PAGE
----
There’s just something about that mid-Western accent that I find endearing, and when Roy Massie from SunGard first pronounced “insurance” as a two-syllable word, I was hooked. Roy’s was the last non-Proforma presentation of the conference, and he was the only partner speaking (although I suppose that technically speaking, HP Consulting is likely a partner). If you’ve read Column 2 much in the past, you know that I have had a big focus on systems integration and implementation, so I was very interested in what SunGard had done to integrate ProVision with their products.
First of all, who knew that SunGard even had a BPMS product? Apparently the product of an acquisition, it doesn’t show up on the SunGard site, but has two other sites where it lives. Although SunGard did show up as a niche player on Gartner’s Magic Quadrant back in 2003, they’re not there any more; I imagine that niche might be limited to only SunGard customers for their other systems. I’ve seen SunGard transaction processing systems (not including any BPM functionality) in many of my mutual fund and other financial customers, so this isn’t a completely unexpected leap.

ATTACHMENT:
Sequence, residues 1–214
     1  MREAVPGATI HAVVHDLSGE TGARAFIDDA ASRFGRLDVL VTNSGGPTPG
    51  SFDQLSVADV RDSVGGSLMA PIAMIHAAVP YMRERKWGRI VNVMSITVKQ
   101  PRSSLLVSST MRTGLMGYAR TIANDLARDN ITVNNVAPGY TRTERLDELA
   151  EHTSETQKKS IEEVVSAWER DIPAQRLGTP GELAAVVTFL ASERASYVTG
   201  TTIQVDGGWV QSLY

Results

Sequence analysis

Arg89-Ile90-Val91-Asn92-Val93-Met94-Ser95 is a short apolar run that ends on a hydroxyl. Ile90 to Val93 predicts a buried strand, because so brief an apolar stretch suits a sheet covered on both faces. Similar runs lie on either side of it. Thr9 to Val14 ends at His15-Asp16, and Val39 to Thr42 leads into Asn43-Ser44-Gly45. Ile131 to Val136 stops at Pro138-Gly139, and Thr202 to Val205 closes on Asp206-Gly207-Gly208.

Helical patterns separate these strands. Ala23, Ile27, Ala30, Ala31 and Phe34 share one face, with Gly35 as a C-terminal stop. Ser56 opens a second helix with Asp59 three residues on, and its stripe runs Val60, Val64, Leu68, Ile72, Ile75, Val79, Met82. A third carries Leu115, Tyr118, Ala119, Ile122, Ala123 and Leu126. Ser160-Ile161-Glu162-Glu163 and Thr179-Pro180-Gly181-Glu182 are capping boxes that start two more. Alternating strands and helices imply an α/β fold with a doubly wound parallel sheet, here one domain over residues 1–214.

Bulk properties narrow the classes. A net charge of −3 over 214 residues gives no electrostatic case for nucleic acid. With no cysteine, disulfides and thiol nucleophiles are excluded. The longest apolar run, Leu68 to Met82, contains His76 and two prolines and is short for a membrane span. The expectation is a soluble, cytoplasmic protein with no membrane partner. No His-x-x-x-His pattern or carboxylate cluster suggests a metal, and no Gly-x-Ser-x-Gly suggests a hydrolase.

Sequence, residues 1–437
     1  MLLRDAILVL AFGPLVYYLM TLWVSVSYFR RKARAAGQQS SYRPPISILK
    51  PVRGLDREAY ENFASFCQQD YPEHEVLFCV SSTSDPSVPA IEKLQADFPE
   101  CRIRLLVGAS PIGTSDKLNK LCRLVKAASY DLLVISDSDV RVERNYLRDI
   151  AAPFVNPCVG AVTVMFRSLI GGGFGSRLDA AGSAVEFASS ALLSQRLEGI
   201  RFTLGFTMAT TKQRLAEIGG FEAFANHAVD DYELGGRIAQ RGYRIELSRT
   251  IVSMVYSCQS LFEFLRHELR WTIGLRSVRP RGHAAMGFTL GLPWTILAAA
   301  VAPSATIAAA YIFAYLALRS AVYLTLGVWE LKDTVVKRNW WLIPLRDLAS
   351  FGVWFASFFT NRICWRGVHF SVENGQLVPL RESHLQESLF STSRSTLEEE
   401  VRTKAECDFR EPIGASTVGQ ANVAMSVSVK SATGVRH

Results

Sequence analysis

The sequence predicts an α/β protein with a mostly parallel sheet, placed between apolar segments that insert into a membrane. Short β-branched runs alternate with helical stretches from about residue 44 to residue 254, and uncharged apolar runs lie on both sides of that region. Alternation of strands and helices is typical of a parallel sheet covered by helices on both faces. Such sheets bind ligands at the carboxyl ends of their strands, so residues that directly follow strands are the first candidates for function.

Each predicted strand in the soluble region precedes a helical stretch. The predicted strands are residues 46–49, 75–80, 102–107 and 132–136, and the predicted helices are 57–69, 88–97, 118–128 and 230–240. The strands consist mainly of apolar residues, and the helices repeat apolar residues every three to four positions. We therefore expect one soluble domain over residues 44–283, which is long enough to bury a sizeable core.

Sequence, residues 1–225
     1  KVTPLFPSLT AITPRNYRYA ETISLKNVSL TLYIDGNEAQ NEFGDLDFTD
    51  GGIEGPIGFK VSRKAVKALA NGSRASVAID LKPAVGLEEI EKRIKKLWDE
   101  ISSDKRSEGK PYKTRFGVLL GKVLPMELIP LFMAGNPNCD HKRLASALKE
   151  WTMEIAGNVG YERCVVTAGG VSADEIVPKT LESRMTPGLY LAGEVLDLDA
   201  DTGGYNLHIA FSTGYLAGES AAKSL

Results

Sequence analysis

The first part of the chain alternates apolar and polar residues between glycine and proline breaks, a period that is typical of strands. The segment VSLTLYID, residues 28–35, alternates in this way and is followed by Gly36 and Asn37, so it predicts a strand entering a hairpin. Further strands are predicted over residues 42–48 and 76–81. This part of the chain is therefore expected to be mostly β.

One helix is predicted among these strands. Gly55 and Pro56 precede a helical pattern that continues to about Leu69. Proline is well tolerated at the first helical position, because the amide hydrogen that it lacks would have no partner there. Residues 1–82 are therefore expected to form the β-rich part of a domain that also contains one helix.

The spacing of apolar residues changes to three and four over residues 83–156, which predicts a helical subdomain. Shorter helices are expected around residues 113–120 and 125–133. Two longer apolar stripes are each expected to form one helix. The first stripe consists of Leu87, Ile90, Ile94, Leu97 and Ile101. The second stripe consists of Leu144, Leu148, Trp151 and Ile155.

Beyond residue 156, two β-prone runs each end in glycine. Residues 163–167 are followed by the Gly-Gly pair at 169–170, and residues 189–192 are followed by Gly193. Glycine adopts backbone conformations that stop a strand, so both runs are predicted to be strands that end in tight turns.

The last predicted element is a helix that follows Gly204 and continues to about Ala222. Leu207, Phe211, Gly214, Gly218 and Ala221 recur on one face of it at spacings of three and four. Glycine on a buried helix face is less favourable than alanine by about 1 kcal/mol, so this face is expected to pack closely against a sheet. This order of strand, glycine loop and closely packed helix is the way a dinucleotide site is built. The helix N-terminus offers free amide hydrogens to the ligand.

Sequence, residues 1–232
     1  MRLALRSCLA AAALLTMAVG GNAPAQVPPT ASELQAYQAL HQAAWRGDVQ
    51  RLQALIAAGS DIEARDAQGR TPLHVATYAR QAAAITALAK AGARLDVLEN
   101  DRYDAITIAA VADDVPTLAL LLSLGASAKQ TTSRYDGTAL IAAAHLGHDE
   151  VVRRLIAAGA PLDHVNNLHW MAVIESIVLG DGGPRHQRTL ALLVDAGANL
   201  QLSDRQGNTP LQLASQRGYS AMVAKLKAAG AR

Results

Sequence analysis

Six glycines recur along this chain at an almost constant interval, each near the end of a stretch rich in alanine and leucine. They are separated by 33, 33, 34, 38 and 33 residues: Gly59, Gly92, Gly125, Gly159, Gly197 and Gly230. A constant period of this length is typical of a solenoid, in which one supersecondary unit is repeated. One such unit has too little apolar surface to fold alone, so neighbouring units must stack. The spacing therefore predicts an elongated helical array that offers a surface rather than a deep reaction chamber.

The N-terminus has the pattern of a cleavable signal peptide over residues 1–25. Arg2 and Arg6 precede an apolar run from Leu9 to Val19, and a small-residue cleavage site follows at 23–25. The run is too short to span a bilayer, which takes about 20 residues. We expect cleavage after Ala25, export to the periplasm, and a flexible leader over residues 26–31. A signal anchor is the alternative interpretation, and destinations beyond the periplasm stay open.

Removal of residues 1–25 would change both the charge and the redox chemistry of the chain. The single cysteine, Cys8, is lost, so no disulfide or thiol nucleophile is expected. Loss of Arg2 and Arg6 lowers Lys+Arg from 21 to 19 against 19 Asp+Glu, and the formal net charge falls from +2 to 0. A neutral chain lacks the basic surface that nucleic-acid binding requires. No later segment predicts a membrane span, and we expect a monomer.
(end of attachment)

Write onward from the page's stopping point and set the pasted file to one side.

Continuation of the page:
What was unexpected was the audience response when Roy asked the audience how many of them export their processes from ProVision to a BPMS for execution; I was sitting more than halfway back in the room, and there were no hands up in front of me. I didn’t turn quick enough to count, but Roy said “a couple of you” when characterizing the response. My question is if ProVision users aren’t pushing their process models through to a BPMS for execution, aren’t they missing a lot of value? And what, exactly, are they doing with those process models? Or is this just exposing my bigotry over what process models are good for?
The integration seems pretty straightforward, and based on later information, is similar to what is done by other BPMS vendors: processes are modelled in ProVision, then exported using Proforma’s open Common Interchange Format (CIF) and imported into SunGard EXP Process Director.
I did like Roy’s description of practices (determined by experienced specialists) versus procedures (executed by trained workers), and how they combine to make up processes. I also liked his phrase “enterprise technology sprawl”, and his discussion of how an unstructured collage of technologies can start to dictate business processes. He made the great point that all compliance initiatives are based on process transparency, and (referencing the Aloha Airlines presentation about how they started modelling their business in order to organization themselves out of bankruptcy) that a near-death experience is a great motivator.